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Ask the Experts: John Palmer

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duncan:
Tom from Michigan asks:
I have a few questions about secondary fermentations. I've read both pros and cons for 2nd fermentations and it is driving me crazy what to do. One, are they necessary for lower Gravity beers?

Two, what is the dividing line between low gravity and high gravity beers? Is it 1.060 and higher?

Three, I have an American Brown Ale in the primary right now, a SG of 1.058, Should I secondary ferment this or not?

Your advice is appreciated, thanks for all you do!

Allen from New York asks:
John, please talk about why or why not you would NOT use a secondary fermenter (bright tank?) and why or why not a primary only fermentation is a good idea. In other words, give some clarification or reason why primary only is fine, versus the old theory of primary then secondary normal gravity ale fermentations.

Palmer answers:
These are good questions – When and why would you need to use a secondary fermenter? First some background – I used to recommend racking a beer to a secondary fermenter. My recommendation was based on the premise that (20 years ago) larger (higher gravity) beers took longer to ferment completely, and that getting the beer off the yeast reduced the risk of yeast autolysis (ie., meaty or rubbery off-flavors) and it allowed more time for flocculation and clarification, reducing the amount of yeast and trub carryover to the bottle. Twenty years ago, a homebrewed beer typically had better flavor, or perhaps less risk of off-flavors, if it was racked off the trub and clarified before bottling. Today that is not the case.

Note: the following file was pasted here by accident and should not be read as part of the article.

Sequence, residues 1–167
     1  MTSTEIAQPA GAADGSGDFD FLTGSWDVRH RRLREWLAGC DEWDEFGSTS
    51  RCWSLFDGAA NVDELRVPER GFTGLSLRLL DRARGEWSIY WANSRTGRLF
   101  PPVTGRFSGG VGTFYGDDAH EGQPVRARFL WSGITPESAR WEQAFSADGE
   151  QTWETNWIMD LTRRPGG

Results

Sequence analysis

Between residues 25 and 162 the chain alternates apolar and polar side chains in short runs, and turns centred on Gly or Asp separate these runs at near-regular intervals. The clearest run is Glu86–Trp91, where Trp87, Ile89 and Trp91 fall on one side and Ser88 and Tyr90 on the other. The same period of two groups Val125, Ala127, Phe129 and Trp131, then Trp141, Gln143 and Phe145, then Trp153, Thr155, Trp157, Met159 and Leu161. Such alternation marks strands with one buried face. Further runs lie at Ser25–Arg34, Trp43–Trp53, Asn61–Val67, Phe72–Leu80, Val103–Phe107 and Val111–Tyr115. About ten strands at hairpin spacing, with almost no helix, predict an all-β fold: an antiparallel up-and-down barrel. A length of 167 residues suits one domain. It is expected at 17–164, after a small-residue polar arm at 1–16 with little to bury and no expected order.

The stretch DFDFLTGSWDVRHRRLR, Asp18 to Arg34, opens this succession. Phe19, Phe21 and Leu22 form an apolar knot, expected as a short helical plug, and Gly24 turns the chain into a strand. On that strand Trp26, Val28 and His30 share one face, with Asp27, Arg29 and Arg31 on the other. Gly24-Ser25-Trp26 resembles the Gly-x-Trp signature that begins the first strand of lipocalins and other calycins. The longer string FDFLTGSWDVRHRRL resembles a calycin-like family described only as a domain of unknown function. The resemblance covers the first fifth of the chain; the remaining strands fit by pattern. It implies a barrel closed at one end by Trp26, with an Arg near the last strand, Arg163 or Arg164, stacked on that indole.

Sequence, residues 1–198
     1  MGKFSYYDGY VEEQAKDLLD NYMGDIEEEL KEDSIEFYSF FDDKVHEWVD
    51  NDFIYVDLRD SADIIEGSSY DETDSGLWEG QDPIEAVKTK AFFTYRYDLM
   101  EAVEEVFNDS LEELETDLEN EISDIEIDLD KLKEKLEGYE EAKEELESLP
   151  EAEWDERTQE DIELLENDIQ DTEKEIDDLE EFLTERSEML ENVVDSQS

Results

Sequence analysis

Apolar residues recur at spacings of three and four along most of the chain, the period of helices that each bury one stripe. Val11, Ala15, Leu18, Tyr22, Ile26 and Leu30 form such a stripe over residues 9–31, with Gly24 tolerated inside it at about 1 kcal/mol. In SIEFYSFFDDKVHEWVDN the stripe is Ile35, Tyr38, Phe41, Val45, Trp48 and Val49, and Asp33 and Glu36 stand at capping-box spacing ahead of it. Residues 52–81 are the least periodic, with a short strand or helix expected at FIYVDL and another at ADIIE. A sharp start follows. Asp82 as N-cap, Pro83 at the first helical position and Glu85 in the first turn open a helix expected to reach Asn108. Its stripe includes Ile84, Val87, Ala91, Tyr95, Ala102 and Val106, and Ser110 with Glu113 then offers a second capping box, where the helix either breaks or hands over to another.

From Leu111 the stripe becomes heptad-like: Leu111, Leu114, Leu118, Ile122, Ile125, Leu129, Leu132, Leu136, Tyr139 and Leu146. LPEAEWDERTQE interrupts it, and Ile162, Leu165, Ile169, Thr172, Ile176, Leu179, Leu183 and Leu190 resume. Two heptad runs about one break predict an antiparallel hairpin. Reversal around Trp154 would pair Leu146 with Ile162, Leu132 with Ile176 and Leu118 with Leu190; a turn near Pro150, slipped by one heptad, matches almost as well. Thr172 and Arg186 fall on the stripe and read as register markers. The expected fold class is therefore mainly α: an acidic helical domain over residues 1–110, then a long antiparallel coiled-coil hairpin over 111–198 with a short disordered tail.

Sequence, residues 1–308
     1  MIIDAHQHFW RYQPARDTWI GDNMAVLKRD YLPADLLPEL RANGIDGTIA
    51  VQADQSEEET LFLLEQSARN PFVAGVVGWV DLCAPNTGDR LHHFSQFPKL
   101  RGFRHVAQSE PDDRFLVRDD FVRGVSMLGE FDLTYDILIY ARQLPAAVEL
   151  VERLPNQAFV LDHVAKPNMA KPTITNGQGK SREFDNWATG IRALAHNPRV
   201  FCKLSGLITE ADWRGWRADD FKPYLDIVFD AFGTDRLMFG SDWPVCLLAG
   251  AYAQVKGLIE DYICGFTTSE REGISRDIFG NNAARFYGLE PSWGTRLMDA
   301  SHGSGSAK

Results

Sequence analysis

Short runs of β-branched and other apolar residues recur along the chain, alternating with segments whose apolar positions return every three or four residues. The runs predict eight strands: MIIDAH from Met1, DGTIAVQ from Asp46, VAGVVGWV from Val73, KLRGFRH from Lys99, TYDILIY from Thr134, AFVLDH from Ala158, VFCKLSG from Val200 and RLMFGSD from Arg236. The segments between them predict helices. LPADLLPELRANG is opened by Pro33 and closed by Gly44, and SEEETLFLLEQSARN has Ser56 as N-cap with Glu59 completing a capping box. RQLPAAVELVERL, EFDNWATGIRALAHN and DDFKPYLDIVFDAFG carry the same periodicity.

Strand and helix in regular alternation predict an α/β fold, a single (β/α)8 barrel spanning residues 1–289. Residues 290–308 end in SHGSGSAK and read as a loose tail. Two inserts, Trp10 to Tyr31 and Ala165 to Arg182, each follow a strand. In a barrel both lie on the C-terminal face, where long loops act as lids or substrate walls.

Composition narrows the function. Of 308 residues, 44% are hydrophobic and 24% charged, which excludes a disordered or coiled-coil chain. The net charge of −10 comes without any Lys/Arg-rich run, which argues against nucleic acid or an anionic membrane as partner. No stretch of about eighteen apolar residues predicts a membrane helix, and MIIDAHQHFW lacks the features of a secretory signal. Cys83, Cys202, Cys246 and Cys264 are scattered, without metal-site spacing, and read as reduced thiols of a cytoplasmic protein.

The risk inherent to any beer transfer, whether it is fermenter-to-fermenter or fermenter-to-bottles, is oxidation and staling. Any oxygen exposure after fermentation will lead to staling, and the more exposure, and the warmer the storage temperature, the faster the beer will go stale.